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“Urgent action” needed on palliative care


This weekend Australian advocates will join with thousands of their fellow campaigners in over 70 countries at more than 1,000 events to publicise and promote the cause of hospice and palliative care.

Palliative Care Australia (PCA) and the World Palliative Care Allaince (WPCA) are using Saturday’s World Hospice and Palliative Care Day 2013 to focus on “dispelling the myths” that are preventing quicker progress being made in achieving universal coverage of services. 

David Praill, Chair of the WPCA and Chief Executive of Help the Hospices UK, said that 42 per cent of countries do not have any identified hospice and palliative care services and 80 per cent of people globally lack adequate access to medication for treatment of moderate to severe pain.

“This means that millions of people, especially in the developing world, are living and dying in unnecessary pain and distress,” Praill said.

Australian “lottery” 

PCA President, Professor Patsy Yates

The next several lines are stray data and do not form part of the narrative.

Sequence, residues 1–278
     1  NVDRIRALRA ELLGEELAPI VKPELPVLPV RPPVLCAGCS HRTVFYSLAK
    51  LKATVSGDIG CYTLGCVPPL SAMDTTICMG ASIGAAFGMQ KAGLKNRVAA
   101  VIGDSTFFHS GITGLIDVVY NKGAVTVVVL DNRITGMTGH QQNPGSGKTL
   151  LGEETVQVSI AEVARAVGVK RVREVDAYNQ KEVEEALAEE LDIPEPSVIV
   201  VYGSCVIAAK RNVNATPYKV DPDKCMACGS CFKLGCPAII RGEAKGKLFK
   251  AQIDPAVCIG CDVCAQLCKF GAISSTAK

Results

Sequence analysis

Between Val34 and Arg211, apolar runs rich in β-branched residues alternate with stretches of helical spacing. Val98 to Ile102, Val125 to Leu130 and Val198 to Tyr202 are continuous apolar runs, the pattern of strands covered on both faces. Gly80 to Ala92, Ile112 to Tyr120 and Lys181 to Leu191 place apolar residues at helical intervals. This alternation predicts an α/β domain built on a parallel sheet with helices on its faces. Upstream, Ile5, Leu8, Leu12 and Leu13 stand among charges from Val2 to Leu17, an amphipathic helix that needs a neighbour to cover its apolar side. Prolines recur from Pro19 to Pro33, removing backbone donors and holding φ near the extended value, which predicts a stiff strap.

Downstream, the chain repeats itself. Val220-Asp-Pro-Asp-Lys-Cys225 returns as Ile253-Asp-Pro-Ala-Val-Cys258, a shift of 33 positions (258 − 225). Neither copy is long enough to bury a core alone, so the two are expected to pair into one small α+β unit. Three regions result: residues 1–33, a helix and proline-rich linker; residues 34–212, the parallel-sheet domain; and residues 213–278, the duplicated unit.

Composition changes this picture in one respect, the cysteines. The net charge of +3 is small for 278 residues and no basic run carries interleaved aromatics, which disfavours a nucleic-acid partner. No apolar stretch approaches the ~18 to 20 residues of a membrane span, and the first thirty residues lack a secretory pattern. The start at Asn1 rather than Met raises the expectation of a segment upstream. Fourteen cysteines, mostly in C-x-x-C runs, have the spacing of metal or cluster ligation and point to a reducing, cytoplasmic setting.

Even in Australia, which was ranked second in the Quality of Death Index in 2010, access to palliative care is essentially a lottery, determined by where you live, your diagnosis, age, cultural background, and education of your health professional, according to PCA.

Professor Patsy Yates, PCA President, said that at best estimates only 30 to 50 per cent of people who would benefit from access to palliative care services receive them. “Each year this leaves tens of thousands of Australians and their families without adequate support at the end of life, which is unacceptable.”

Global day of action

On Saturday, advocates, patients and carers will come together to call for urgent action from UN agencies, governments, the private sector, and civil society to improve access to palliative care for people with life-limiting conditions by integrating palliative care into existing services.

According to PCA, in addition to better integration of hospice and palliative care into healthcare, the global hospice and palliative care community is stressing the need for:

  • More training for health professionals and carers;
  • Improved access to pain and symptom management medications;
  • The inclusion of hospice and palliative care into existing health policies; 
  • Opportunities for older people to be involved in decisions about their care.

A key part of the campaign is dispelling these commonly held myths which PCA said is holding back advances in palliative care and hospice. PCA has published a number of articles to dispel some of these myths. You can read them here

 

 

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